SSH host key fingerprints do not match


tl;dr: I copied the text in the Host Keys section of the panel into my .ssh/known_hosts file, but the server identifies itself by a different key. Email support doesn’t seem to understand.

Long version: I’m an experienced Linux user and I use SSH every day at work. I’m by no means a security or administration expert, but I know my way around.

I bought a DreamHost VPS the other day and added a user to it in the panel (seems kind of odd how user names aren’t unique per instance – I’m not missing anything, right?) Ran ‘ssh’ and got the usual “The authenticity of host … can’t be established”. Oh yeah, I should add the server’s public key to .ssh/known_hosts.

So I go visit the panel and I see that there’s an “SSH Keys” option under Users. Great! And it even has the known_hosts file syntax there so I don’t have to bother comparing fingerprints.

Except it doesn’t work. Text copied into known_hosts, tried again, got the REMOTE HOST IDENTIFICATION HAS CHANGED message.

Okay… I’m pretty sure this is a configuration error, so I turn off host key checking (-o UserKnownHostsFile=/dev/null -o StrictHostKeyChecking=no) and confirm that I can, actually, log in to the server. But I’d rather, you know, check the fingerprint. Even if I’m 99.8% sure I’m not being MITM’d, it’s just good sense.

I contacted support and got an email back pointing me to All the proposed “solutions” on that page just deal with removing the wrong key(s) from .ssh/known_hosts; they don’t address verifying the correct key. (The page even has a dramatic message about this making you vulnerable to MITM attacks.) So I responded to clarify my issue and got another email back saying to run ssh-keygen -R $hostname, which is the same thing the first guy proposed.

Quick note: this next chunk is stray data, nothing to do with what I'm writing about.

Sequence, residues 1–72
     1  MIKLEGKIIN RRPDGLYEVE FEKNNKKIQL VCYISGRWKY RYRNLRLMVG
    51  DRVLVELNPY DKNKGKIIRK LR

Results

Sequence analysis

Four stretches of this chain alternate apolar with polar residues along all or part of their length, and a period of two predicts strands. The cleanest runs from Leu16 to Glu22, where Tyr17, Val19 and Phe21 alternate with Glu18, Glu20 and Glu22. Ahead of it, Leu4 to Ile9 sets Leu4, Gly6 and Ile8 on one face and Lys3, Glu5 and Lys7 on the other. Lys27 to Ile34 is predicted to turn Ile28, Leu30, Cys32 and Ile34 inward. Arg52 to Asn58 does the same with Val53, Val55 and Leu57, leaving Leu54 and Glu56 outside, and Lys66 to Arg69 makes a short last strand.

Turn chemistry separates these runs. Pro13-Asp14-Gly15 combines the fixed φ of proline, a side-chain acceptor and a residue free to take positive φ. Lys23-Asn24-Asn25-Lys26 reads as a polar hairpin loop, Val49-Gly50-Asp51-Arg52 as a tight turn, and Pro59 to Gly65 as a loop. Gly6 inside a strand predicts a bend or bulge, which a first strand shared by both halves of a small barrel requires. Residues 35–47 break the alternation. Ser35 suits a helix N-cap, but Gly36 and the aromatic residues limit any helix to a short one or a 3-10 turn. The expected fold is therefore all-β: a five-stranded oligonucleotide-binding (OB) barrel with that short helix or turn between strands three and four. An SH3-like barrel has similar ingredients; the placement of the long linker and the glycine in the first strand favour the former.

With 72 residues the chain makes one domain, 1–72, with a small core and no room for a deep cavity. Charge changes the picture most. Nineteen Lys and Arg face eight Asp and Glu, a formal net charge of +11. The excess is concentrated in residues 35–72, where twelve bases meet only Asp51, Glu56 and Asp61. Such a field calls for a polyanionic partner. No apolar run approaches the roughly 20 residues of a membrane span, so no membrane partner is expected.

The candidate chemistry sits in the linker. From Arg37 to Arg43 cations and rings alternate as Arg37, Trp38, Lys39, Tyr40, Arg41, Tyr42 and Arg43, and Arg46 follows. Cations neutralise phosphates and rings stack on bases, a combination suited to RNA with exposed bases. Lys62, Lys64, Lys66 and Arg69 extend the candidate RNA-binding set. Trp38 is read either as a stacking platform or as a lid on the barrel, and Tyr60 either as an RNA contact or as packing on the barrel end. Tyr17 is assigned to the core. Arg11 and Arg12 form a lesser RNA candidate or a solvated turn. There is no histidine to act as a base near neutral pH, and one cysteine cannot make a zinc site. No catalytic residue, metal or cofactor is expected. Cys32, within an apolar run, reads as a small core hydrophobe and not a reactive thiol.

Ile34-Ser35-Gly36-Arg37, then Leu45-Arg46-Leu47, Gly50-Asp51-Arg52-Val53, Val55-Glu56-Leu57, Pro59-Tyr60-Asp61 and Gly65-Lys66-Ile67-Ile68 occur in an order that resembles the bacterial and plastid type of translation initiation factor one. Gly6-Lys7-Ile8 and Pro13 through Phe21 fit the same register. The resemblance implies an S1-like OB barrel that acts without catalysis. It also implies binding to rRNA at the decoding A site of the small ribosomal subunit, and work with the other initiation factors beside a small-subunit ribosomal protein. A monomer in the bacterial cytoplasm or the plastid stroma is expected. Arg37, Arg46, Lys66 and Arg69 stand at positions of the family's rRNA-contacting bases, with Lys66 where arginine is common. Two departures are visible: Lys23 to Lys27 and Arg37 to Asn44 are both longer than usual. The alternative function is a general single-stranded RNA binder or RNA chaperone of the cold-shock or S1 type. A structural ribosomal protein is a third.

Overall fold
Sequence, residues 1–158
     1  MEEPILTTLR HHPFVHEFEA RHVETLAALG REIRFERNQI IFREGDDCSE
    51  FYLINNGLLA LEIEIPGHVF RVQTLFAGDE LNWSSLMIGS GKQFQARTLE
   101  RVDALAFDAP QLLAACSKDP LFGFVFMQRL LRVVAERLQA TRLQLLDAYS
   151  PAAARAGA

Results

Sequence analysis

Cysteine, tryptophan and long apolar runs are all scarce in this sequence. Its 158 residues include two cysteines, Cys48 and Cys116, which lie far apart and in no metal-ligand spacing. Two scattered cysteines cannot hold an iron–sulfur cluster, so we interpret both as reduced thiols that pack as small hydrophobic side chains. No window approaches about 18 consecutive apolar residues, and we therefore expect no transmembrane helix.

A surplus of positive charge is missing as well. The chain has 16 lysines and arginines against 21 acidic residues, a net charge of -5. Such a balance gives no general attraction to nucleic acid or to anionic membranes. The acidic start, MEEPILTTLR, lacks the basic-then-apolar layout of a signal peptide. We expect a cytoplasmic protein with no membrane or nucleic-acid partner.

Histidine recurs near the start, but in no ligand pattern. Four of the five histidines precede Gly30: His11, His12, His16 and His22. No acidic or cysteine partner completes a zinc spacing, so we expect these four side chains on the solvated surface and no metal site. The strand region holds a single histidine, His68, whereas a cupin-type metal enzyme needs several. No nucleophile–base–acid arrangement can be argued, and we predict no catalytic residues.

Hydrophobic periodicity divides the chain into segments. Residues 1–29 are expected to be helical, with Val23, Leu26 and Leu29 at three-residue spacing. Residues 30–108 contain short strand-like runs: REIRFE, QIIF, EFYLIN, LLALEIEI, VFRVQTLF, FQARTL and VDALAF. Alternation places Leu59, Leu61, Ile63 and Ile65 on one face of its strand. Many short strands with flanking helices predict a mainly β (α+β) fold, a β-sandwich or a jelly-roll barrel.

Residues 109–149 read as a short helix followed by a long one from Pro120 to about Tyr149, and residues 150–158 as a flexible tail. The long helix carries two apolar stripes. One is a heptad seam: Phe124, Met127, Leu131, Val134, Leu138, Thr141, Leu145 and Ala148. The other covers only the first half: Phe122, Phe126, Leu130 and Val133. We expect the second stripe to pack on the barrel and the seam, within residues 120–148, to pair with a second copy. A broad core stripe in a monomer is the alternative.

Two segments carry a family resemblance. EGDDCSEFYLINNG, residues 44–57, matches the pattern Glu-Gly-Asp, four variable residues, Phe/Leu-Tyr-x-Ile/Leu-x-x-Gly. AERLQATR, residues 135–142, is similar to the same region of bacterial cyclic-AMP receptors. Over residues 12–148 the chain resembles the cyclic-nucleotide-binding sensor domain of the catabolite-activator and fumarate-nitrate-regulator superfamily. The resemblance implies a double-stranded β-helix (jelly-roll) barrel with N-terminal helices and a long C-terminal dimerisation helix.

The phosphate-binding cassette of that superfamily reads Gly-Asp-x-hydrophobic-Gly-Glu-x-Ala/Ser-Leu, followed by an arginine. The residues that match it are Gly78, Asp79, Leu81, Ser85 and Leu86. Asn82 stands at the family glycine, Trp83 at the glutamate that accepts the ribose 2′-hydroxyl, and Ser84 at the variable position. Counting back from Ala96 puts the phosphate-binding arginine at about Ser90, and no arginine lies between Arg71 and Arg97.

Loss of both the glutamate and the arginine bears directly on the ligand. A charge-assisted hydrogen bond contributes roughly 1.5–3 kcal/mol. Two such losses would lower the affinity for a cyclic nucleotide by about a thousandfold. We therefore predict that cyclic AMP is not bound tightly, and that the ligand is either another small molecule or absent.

So I’m operating on the assumption that email support is, let’s put this nicely, not completely understanding my issue. But, for now, I’m willing to keep trying. How do I get in touch with someone who can tell me what to put in .ssh/known_hosts?


I had the same question a while back. Here was the response:

Thanks for writing back in. I’d be happy to shed some light on this. The
fingerprint you see in the error is actually valid. What’s happening is
that because you are using OpenSSH_6.9p, it displays the fingerprint in a
base64’d SHA256 hash as opposed to an MD5 hash as displayed in the panel.
This started with OpenSSH 6.8. I’ve verified the hash directly on the
server, and it does match up with what you’re seeing in the verification

root@psXXXXX:/etc/ssh# awk ‘{print $2}’ | base64 -d
| sha256sum -b | awk ‘{print $1}’ | xxd -r -p | base64

You can also force the fingerprint verification to use an MD5 so you can
verify it against what’s in the panel by using the following flag when

-o FingerprintHash=md5

If you have any additional questions or concerns, please feel free to let
us know.


Ah! Excellent. I set the FingerprintHash to md5 and was able to compare it with the fingerprint in the panel.

To elaborate, for posterity, in the panel, there are three MD5 fingerprints: RSA, DSA, and ECDSA. But the known_hosts text only contains the DSA and ECDSA fingerprints. Since I’m using RSA for authentication, I got the RSA one from the server, and since I assumed all three keys would be in known_hosts (didn’t check) it didn’t occur to me that the RSA fingerprint might actually match.

Thanks Scott.